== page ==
Operators that used deceptive spam and a Web site to recruit consumers into an illegal chain letter scheme have agreed to settle FTC charges that their scam violated federal laws. The settlement bars the defendants from promoting or selling pyramid or chain mail schemes, misrepresenting potential earnings claims, misrepresenting the legality of such schemes, failing to disclose the profits or earnings of other participants in any multilevel marketing program, and providing others with the means to make misrepresentations.
In April 2002, as part of an Internet fraud sweep, the FTC charged that Universal Direct and its principals, Linda Jean Lightfoot and Charles F. Childs were sending spam that promoted "a MLM (multi-level marketing) Gifting Program that CAN'T FAIL." The spam allegedly claimed that participants could earn $10,000 in cash gifts within a few months of joining and urged consumers to recruit other participants. The FTC alleged the scheme is an illegal chain-letter; that the earnings claims were false; and that most participants would fail to make any money. The FTC asked the court to halt the illegal scheme and freeze the defendants' assets pending trial. Following the preliminary injunction, the defendants refunded all the money they had collected from investors in the scheme. The settlement ends the litigation.
The settlement bars the defendants from:
- participating, promoting, or selling any prohibited marketing programs - such as chain letters or pyramid programs;
- misrepresenting potential earnings or benefits from marketing any product or service;
- misrepresenting the legality of any program;
- failing to disclose the profits or earnings of other participants in any multi-level marketing program; and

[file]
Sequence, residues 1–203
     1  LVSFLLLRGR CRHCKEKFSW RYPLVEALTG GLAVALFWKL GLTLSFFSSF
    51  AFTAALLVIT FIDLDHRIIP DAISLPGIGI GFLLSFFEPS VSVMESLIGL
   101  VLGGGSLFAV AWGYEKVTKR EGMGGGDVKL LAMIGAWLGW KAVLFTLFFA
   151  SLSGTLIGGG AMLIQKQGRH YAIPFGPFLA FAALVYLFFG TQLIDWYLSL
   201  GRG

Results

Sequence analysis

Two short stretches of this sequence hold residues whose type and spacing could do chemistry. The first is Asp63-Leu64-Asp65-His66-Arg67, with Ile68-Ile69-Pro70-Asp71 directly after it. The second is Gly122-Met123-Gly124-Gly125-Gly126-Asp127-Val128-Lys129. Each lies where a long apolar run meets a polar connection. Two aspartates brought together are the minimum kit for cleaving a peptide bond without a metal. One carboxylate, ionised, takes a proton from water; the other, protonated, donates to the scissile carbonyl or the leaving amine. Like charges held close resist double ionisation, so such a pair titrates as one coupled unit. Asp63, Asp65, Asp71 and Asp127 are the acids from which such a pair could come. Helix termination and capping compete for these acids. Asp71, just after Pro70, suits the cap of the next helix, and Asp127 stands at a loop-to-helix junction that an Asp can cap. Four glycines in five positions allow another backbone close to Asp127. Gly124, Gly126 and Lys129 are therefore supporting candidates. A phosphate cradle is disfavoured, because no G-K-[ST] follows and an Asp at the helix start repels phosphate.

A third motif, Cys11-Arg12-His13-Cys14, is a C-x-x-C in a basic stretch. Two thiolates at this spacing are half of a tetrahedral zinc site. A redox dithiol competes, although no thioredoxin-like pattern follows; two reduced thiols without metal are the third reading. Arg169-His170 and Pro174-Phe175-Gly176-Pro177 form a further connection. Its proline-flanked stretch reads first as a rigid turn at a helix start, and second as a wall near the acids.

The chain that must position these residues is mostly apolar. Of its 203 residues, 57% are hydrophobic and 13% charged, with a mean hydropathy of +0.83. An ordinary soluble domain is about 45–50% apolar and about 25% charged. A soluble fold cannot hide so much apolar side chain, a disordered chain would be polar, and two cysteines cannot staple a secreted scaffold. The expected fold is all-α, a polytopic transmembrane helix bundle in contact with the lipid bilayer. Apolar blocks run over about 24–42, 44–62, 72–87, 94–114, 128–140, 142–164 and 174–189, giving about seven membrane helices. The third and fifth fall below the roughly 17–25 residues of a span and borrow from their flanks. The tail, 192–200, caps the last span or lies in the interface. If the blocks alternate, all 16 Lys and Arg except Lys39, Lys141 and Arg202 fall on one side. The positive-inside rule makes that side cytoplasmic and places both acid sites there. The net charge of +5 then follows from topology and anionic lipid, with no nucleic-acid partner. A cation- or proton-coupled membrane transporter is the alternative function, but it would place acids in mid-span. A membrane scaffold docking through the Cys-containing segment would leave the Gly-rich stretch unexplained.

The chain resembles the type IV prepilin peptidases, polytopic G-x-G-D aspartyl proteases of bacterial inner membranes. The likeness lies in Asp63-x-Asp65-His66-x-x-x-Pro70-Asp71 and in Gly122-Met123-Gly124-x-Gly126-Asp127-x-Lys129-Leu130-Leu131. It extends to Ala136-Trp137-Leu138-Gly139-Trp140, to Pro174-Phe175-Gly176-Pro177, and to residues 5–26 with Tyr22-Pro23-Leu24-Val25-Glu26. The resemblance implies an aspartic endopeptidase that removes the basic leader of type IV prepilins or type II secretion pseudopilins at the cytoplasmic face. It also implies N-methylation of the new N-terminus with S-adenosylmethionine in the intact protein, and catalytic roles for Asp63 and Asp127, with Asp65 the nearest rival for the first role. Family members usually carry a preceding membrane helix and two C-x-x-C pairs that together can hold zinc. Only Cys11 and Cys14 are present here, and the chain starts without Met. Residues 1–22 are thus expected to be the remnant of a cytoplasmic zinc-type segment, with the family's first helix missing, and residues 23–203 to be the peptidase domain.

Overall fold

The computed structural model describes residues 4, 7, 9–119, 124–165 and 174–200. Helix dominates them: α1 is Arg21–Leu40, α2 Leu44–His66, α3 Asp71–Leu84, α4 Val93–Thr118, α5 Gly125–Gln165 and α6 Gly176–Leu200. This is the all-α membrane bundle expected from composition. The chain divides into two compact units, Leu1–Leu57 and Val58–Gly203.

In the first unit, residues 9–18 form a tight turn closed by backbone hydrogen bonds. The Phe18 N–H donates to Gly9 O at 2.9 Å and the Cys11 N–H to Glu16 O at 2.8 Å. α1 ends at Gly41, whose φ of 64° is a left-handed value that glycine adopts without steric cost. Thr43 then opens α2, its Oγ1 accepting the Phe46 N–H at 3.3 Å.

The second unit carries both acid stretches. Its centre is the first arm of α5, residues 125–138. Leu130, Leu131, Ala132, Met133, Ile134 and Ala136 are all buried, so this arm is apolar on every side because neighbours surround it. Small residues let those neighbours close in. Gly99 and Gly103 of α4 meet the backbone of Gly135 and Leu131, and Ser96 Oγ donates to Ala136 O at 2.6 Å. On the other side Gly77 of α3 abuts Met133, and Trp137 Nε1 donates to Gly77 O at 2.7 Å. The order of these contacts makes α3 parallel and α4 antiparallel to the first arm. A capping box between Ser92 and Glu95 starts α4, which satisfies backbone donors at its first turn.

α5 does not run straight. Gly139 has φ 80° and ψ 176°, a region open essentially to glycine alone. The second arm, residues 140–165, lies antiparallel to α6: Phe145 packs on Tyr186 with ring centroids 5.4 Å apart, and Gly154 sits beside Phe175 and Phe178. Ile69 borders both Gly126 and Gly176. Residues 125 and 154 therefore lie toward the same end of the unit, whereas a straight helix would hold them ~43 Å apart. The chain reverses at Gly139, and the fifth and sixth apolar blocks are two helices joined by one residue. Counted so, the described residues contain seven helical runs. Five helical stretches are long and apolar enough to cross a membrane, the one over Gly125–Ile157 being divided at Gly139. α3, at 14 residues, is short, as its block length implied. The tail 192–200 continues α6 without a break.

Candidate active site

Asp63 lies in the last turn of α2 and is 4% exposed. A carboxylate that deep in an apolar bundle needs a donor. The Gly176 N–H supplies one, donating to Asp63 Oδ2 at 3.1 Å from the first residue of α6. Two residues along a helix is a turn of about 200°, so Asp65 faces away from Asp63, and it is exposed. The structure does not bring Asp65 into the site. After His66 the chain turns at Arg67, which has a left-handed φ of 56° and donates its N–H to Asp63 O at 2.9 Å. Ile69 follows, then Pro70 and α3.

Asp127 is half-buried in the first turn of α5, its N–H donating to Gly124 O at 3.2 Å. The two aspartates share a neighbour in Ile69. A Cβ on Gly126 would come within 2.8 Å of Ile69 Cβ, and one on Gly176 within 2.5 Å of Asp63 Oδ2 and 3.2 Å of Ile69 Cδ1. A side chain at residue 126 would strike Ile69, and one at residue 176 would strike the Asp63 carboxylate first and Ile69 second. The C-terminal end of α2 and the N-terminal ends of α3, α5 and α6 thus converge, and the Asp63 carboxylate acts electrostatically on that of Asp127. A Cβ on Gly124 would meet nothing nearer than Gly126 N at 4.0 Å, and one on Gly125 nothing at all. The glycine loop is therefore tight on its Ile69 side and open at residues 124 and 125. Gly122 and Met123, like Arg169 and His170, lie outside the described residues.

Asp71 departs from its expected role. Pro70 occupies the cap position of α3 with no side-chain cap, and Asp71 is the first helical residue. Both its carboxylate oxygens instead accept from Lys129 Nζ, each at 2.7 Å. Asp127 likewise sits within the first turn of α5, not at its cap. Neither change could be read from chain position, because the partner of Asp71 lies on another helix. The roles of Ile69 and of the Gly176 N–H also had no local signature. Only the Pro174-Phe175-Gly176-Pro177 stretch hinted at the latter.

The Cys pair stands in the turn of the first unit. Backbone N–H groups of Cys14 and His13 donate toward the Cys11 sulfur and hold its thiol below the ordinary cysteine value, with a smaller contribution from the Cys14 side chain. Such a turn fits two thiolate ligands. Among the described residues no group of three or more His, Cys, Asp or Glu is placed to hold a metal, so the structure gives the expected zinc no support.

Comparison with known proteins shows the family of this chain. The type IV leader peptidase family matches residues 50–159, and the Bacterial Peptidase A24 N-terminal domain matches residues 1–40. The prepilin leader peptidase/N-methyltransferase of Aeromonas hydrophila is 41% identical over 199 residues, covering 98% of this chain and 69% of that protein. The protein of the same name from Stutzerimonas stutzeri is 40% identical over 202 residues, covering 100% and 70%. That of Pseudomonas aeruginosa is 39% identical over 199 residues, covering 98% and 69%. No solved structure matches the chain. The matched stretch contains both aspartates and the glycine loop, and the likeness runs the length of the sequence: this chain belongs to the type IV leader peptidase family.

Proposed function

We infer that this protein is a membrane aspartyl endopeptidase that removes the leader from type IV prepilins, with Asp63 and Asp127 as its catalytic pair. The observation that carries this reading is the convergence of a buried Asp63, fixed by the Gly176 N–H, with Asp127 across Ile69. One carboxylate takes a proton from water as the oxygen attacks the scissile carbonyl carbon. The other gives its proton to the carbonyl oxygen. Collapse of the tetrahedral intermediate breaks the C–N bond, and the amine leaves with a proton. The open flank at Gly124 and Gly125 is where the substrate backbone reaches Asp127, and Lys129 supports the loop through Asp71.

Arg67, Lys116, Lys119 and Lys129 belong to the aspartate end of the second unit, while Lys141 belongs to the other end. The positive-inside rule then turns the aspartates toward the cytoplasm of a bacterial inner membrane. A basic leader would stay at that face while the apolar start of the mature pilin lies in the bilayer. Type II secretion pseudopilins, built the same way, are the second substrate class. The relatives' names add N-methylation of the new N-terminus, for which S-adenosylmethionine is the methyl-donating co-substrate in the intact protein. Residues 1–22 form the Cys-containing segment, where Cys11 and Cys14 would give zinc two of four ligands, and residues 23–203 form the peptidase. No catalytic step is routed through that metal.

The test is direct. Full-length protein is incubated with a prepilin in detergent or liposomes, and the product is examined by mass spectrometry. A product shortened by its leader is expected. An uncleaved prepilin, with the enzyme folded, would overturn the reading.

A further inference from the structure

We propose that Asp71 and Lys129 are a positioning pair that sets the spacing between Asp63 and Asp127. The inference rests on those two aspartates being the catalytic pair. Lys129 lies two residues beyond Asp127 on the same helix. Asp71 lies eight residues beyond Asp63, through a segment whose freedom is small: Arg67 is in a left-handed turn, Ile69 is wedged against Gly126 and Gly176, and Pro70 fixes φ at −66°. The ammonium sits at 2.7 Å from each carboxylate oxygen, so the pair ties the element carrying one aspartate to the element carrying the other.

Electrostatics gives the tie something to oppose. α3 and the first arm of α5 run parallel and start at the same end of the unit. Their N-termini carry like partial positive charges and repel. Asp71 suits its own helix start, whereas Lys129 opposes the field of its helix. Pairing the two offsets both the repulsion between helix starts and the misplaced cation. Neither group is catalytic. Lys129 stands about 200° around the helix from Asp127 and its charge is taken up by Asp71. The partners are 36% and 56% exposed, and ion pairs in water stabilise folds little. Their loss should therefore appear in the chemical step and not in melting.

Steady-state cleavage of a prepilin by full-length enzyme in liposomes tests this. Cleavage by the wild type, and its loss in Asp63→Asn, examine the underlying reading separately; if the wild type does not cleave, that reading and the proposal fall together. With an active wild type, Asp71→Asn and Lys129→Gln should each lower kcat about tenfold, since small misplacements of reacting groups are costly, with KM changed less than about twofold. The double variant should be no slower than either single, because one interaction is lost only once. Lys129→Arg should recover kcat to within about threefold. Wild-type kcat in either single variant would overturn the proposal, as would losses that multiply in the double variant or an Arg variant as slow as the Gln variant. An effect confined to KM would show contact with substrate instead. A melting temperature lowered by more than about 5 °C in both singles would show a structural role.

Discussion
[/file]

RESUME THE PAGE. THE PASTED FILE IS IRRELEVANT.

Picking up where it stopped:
- providing others with the means and instrumentalities to make misrepresentations.
The settlement also bars the defendants from selling, renting, leasing, or disclosing their customer lists.
The settlement is based on financial information provided by the defendants. If the court finds that the defendants failed to disclose assets or made other material misrepresentations, the FTC can reopen the matter to seek consumer redress or disgorgement of ill-gotten gains. The settlement also contains certain bookkeeping and record keeping provisions to allow the agency to monitor compliance with its order.
NOTE: A stipulated final judgment and order is for settlement purposes only and does not constitute an admission of a law violation.
Copies of the stipulated final judgment and order are available from the FTC's Web site at http://www.ftc.gov and also from the FTC's Consumer Response Center, Room 130, 600 Pennsylvania Avenue, N.W., Washington, D.C. 20580. The FTC works for the consumer to prevent fraudulent, deceptive, and unfair business practices in the marketplace and to provide information to help consumers spot, stop, and avoid them. To file a complaint, or to get free information on any of 150 consumer topics, call toll-free, 1-877-FTC-HELP (1 877-382-4357), or use the complaint form at http://www.ftc.gov. The FTC enters Internet, telemarketing, identity theft, and other fraud-related complaints into Consumer Sentinel, a secure, online database available to hundreds of civil and criminal law enforcement agencies in the U.S. and abroad.
Claudia Bourne Farrell
Office of Public Affairs
Bureau of Consumer Protection
(FTC File No X020028)